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Change by Successful Projects - IT and Change Projects in Hungary


  • Csaba Deák

    () (University of Miskolc)


The article’s attempt is to answer the management and organizational questions arisen about Hungarian change projects. The objectives of my research* were to uncover special areas concerning change management and reengineering projects and to investigate the conscious, organizational change for improving performance in the Hungarian economic environment. An effective change project cannot be reached without an IT support, requiring the demands of the age, because it plays an important role either in analyzing preparations of decisions, or in the realization of the change. The development of informatics in Hungary shows some deficiency both in the aspect of quality and in reliability. The imperfect development of informatics ruins the effects of changing projects. In general, though it depends on the nature of the project and the kind of work you do; you might have to engage in a variety of tasks you haven't tackled before, such as assembling a team to complete the project on time and on budget, mapping out a plan and monitoring your progress at key steps along the way, using appropriate planning tools such as project management software or wall charts and keeping your team motivated and on target. In the research special Hungarian characteristic features were emphasized and a methodology of process change project was created regarding the domestic circumstances. New and original statements were made, which deal with the achievement of change, the role of information technology, objectives and results of change projects in Hungary.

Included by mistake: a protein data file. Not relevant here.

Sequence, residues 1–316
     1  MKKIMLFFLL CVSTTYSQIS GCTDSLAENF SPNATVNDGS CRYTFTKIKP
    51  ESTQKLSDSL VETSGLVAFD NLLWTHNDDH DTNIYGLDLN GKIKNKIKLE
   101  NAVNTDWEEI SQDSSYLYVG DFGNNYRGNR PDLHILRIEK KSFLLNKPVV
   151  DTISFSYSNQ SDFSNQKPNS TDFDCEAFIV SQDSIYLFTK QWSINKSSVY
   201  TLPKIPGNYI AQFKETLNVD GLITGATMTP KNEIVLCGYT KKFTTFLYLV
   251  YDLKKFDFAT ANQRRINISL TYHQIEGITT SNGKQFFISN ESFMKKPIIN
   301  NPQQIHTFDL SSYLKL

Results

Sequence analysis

Suggested Citation

  • Csaba Deák, 2005. "Change by Successful Projects - IT and Change Projects in Hungary," Theory Methodology Practice (TMP), Faculty of Economics, University of Miskolc, vol. 3(01), pages 17-22.
  • Handle: RePEc:mic:tmpjrn:v:3:y:2005:i:01:p:17-22

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    References listed on IDEAS

    1. Annekatrin Niebuhr & Silvia Stiller, 2003. "Territorial disparities in Europe," Intereconomics: Review of European Economic Policy, Springer;German National Library of Economics;Centre for European Policy Studies (CEPS), vol. 38(3), pages 156-164, May.
    2. Manfred Fischer & Claudia Stirböck, 2006. "Pan-European regional income growth and club-convergence," The Annals of Regional Science, Springer;Western Regional Science Association, vol. 40(4), pages 693-721, December.
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